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12th Dec Paso Canoas to David
The night before we’d slept behind a petrol station, it sounds sort of depressing but there was a field and palm trees behind it and the family who ran it let us use a shower. We woke that morning and Naoto managed to get some coconuts from the tree and he cut it open, a great way to start the day. I made coffee with the help of one of the petrol station workers called Tio. We were out by 6.45, stamped out of Costa Rica no problem and then had to join a giant queue to enter Panama. To enter Panama you needed proof of exit, and a boat ticket wasn’t enough so I’d had a fake flight reservation made up. You also needed to prove you had $500, either in cash or a copy of a bank statement, I’d printed out a bank statement. By the time I’d faffed around in an internet cafe and then had to wait in the giant queue it had been about 2 and a half hours. I was kept company by a Canadian women called Susan who lived in Costa Rica, she made this visa run every 3 months.
Wed set the target of David, only 50km away, but we were now setting out in the heat of the day, the road to David was an incredibly mundane dual carriage way, with barely any shade or places to stop. We stopped at a little corner shop to buy snacks and drinks before making it easily to David. This is Panamas second biggest city and it was really Americanised, the supermarket had lots of American products, and the streets were lined with chains like dairy queen, mcdonalds, KFC, Dominos Pizza. All the towns in Panama were like this, maybe it’s the influence from the Panama canal.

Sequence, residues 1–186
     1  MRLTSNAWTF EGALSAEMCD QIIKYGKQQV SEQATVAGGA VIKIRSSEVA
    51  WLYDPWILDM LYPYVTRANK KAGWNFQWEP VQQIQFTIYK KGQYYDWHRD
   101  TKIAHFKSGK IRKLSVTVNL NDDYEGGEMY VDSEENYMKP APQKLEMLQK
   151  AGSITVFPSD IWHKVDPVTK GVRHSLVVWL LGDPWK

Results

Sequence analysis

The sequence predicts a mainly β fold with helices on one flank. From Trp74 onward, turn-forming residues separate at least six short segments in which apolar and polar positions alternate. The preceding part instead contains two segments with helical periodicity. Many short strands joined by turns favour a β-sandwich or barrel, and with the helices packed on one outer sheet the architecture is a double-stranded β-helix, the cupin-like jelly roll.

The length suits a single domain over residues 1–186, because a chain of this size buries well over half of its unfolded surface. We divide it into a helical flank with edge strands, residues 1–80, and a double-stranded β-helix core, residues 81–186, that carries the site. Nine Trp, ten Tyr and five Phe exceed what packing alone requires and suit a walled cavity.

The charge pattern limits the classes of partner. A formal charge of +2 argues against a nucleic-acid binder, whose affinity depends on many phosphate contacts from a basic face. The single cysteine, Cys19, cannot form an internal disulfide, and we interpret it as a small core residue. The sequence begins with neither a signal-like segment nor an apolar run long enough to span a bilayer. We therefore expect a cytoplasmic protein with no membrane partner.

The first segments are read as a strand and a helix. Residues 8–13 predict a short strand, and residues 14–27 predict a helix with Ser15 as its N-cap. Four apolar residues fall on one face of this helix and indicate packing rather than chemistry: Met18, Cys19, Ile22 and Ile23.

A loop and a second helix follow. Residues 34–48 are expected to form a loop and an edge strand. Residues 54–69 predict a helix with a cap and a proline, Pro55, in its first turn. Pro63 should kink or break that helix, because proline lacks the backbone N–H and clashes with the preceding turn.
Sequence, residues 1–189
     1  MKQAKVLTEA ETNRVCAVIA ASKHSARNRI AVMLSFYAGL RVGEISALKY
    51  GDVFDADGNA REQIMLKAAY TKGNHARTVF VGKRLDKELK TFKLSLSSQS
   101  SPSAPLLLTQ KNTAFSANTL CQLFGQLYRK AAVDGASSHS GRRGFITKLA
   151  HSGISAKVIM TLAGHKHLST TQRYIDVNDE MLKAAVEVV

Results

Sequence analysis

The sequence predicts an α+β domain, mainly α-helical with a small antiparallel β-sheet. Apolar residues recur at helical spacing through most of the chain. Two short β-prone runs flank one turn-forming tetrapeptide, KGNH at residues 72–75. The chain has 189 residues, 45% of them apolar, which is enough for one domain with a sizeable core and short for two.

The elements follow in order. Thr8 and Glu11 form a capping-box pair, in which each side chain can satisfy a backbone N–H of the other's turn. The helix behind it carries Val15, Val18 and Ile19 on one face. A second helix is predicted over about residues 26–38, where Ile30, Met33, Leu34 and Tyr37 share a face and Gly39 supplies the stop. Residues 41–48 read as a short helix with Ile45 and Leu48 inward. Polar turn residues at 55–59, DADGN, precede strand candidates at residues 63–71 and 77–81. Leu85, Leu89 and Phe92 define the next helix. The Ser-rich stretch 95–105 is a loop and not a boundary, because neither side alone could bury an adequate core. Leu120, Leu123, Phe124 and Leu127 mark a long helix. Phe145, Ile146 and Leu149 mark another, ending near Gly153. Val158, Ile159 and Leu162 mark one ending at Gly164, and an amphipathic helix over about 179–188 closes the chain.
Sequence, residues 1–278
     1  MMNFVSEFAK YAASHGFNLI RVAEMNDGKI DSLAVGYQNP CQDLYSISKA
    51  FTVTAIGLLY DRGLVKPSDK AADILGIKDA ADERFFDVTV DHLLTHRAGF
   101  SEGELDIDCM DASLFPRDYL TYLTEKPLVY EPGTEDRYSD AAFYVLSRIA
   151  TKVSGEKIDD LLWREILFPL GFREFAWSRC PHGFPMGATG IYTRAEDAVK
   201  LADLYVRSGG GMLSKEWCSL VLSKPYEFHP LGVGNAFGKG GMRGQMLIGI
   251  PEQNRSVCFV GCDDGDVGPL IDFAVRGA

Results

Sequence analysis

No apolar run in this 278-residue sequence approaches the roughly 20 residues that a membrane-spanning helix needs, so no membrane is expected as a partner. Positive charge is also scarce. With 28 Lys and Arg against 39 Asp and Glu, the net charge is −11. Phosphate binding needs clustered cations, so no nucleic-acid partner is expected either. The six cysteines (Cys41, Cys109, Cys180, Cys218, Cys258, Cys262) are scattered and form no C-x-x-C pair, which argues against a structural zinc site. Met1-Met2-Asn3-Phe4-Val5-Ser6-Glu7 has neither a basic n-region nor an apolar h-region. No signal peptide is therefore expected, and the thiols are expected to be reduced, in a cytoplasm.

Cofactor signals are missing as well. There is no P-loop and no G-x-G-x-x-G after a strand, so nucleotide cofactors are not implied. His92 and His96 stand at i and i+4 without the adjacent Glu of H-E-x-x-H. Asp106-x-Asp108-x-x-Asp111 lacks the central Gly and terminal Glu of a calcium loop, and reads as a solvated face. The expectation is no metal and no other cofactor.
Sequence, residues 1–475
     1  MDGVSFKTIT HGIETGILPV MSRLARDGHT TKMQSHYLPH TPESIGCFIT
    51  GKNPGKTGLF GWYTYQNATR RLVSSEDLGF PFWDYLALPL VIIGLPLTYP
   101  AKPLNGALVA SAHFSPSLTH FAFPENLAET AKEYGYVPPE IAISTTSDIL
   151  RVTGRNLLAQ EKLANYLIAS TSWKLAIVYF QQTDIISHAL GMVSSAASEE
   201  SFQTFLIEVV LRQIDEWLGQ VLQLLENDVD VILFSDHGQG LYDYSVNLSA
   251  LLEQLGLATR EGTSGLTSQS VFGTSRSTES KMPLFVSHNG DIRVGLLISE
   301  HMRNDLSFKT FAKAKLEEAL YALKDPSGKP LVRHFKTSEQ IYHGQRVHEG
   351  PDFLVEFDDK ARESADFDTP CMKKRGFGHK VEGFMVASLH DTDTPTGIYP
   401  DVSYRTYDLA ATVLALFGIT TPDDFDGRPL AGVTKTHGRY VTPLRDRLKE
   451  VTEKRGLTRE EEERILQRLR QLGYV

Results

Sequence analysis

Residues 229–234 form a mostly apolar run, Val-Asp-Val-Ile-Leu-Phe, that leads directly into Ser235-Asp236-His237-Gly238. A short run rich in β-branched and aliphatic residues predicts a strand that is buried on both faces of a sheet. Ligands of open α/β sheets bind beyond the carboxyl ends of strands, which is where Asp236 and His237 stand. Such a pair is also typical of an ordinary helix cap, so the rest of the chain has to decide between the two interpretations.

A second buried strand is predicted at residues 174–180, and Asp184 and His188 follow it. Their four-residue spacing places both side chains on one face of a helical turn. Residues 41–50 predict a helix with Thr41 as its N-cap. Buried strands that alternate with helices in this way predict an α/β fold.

Here I’d planned to stay in a hostel, I was looking forward to washing my clothes and sleeping in a bed. Although these things never work out how you imagine as we slept horribly in a wooden unstable tree house with lots of loud backpackers. Panama is an hour ahead time wise but this didn’t make too much difference to us as we wake at sun rise anyway. I’d initially planned a rest day here in David, I was tired, but Naoto didn’t want to take a day off and I wanted to stay with him, so I decided to keep on keeping on.
13th Dec- David to somewhere near Remedios
Another sunrise start and we were on the bikes, cycling 20km out David we stopped for breakfast. Food in Panama was pretty dry and mundane- I ate rice, boiled eggs, something that was like a slab of Yorkshire pudding and some fried maize thing, all beige food. Naoto was saying how happy he was to cycle together, it was a nice feeling to be cycling with someone who kept a good pace then chatting away over food.